Chanel and her sister both become pretty women, working as seamstresses during the day and in a pub as singers in the evening. Their dresses are very simple. There is a huge difference in the style and the fabric of how the wealthy women dressed versus the working class women. For example, today, there is not a huge difference in the style, cut, color and detail of a suit Hillary Clinton would wear to work, versus, a secretary working as an administrator in any given office. In the early 1900s, differences in terms of style of clothing when it came to class were of incredible variance. Wealthy women had a marked amount of detail in their fabric, how their hair was done, and the jewels they wore. So much adornment. The working class women wore very simple, clothes of plain coloring, that differed greatly from the garb of the wealthy.
At the pub, Chanel meets her lover and protector Étienne Balsan, who she insists on staying with, as she sees him as pivotal to her gateway toward a better life. It is Balsan, who christens Chanel with the name Coco, after a song she sings. The name does seem to suit her tomboyish nature and simple features. Coco, charms Balsan with her quaint mannerisms, her love for clothes, horses, and need to be something different. She is known to dress as a boy, most of the time. To forego the use of a corset and practice other such anomalies for the day.
Coco, consistently wants to have more and be more. She realizes she will never have a stage career but the hats she makes are well liked and in demand. She has a knack for sewing. She leaves Balsan, who remains a supportive father figure throughout her life, for Arthur, “Boy” Capel, a friend of Balsan’s. Boy asks Balsan to have Coco for the weekend, which is how their love affair began. It might seem terrible today for two men to share a woman without complaint, but during the early 1900s in Europe it, was considered unseemly for men to rival each other for a woman. And if one man wanted to sleep with another man’s lover or even a wife, the husband in question should consider the offer a compliment, that another man would want his wife/lover. It was the culture at the time.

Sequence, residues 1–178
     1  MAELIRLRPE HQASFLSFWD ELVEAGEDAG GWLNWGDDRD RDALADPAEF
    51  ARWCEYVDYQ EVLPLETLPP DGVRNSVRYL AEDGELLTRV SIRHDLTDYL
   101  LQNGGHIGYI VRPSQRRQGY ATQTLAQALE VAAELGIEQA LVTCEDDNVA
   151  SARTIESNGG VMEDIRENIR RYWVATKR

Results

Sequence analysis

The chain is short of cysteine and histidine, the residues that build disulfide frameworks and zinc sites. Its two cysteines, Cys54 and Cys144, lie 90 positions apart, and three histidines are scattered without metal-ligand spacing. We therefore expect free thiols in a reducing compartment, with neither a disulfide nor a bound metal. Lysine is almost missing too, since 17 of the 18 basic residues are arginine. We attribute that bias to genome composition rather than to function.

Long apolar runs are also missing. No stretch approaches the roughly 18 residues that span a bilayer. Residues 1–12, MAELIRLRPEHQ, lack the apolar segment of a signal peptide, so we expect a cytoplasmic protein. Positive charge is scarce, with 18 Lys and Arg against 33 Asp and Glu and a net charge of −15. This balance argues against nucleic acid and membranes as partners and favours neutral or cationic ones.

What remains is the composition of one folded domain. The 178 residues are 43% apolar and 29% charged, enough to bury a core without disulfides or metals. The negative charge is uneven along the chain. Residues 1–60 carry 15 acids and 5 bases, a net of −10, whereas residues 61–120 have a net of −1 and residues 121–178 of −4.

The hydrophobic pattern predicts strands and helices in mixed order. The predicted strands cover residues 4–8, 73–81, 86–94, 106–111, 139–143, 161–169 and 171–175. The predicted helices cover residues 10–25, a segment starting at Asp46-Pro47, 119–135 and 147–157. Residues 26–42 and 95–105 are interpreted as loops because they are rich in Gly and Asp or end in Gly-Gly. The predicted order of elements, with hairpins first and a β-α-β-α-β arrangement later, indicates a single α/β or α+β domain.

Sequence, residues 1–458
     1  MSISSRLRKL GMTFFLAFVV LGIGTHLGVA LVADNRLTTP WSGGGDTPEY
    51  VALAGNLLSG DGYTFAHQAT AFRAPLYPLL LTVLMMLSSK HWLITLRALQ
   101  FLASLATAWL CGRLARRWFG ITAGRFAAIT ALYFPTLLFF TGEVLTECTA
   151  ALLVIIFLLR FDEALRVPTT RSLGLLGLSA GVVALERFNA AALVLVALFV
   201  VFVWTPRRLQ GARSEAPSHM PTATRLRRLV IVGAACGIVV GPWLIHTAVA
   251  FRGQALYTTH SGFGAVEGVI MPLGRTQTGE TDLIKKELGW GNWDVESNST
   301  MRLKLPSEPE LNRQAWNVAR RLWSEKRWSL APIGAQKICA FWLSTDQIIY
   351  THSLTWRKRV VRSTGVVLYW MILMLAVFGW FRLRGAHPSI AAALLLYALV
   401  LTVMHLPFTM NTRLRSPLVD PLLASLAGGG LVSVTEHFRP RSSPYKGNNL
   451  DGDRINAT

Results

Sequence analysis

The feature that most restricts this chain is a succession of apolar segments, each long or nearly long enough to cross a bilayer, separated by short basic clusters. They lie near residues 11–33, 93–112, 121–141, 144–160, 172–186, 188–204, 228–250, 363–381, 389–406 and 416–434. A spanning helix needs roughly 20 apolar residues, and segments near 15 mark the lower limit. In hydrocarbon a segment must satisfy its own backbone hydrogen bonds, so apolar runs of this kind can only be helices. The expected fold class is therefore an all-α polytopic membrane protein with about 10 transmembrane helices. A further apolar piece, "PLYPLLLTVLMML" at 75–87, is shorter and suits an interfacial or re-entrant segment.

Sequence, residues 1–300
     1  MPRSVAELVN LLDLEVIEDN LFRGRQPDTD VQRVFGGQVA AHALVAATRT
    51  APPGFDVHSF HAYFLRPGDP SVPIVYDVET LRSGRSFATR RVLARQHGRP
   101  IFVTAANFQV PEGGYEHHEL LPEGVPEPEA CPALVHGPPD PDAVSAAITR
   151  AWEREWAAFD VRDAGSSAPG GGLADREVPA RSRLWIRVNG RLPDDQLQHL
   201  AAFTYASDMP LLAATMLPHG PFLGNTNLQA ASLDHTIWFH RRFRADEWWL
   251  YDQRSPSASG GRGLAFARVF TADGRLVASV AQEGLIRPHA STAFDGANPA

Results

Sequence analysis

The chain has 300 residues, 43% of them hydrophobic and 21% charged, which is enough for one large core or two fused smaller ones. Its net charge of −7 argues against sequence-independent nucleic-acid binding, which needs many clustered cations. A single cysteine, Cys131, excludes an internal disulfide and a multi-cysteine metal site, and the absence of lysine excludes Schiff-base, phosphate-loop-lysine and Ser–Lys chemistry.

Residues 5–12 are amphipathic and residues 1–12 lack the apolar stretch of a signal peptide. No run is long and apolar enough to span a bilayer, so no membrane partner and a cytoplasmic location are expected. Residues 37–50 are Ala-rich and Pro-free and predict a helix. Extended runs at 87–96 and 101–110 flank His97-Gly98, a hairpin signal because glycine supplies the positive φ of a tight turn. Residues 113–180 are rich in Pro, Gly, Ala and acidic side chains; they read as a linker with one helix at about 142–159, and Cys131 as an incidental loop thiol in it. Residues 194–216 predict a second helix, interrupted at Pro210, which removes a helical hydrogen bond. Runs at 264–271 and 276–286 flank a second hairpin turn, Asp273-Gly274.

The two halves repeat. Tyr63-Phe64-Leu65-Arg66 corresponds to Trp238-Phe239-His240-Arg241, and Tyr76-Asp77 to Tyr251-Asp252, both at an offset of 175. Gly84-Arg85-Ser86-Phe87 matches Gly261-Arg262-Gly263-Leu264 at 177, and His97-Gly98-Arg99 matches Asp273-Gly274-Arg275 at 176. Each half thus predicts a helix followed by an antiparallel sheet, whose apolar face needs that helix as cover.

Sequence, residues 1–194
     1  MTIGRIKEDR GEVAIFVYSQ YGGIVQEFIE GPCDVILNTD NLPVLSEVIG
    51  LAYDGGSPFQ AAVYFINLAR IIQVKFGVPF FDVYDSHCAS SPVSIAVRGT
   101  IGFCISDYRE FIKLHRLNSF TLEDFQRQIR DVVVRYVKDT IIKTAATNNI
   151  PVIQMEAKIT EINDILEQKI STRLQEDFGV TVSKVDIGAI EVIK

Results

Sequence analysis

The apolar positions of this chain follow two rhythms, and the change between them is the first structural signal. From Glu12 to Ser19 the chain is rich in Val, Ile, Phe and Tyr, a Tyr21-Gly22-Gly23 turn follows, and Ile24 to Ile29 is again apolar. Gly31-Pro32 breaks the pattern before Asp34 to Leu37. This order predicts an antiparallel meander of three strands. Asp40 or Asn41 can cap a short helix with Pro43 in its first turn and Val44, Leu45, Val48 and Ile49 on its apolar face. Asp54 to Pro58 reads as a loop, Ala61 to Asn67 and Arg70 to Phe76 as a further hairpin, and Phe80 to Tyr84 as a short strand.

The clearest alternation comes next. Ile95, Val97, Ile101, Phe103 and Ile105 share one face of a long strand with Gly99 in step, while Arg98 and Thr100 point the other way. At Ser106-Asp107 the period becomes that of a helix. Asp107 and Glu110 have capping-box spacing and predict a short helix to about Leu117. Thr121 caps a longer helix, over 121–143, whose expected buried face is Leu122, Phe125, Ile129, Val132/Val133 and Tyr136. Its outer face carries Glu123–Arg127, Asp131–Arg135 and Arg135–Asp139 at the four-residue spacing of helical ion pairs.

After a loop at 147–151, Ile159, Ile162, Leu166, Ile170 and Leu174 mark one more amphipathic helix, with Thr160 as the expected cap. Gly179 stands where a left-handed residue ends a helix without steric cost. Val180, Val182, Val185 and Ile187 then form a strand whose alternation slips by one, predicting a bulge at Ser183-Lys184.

Coco leaves Balsan, because he wants her to be his alone, and to have no other features. He wants her to become his wife and she says no. She wants a different future for herself. Boy is the man who supports her career ambitions. He lends her money to start her own business. With the money to launch her own creations on a consistent basis Coco Chanel leads the world of fashion in two manners. First, she lessens the differences in clothing when it comes to class. Her outfits are simple and chic. Second, she lessens the difference in clothing when it comes to gender. Her boyish, elegant simplicity is trademark of all her fashions. Her ideals matched wide sweeping sentiments toward womens' rights at the time. Chanel lead the world of fashion into incredible changes, that are very visible today.
By Sarah Bahl